Implementing a novel educational philosophy in an educational organization involves a complex process of change that must be considered by all stakeholders instituting the change [24,25,26]. The academic literature, e.g., [27,28], provides a comprehensive review of the theoretical aspects of understanding processes of change in educational systems and investigating measures to assess their success. Despite the scant knowledge available, external professional organizations charged with overseeing the implementation of educational change must answer questions regarding the potential of their professional training programs [29].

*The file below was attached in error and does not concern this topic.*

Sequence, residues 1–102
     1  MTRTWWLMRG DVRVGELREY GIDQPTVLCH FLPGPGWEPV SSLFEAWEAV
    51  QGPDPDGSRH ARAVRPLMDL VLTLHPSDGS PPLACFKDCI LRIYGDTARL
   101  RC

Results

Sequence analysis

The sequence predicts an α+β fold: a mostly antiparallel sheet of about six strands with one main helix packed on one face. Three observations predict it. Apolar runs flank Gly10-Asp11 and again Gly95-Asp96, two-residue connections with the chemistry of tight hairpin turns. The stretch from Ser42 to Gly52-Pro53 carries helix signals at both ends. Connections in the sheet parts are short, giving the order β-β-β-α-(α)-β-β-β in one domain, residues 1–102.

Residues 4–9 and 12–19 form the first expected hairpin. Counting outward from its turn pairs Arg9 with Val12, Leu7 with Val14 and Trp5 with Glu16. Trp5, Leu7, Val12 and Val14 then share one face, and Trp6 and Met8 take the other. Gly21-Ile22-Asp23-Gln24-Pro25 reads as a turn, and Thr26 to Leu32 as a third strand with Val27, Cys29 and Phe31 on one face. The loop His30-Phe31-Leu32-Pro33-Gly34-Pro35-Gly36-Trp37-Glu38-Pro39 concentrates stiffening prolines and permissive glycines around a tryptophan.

This study describes research conducted based on the RPP framework to evaluate the implementation of this educational philosophy following participation in a PDP. The evaluation model comprises three main elements: constructing awareness of the educational philosophy, including recognizing its value and its relevance to educators; understanding the educational philosophy; and implementing its practices optimally. Each of these three main components must find expression in widening circles of implementation within the organization, beginning with the inner leading team and expanding to encompass all members of the educational community (Figure 1).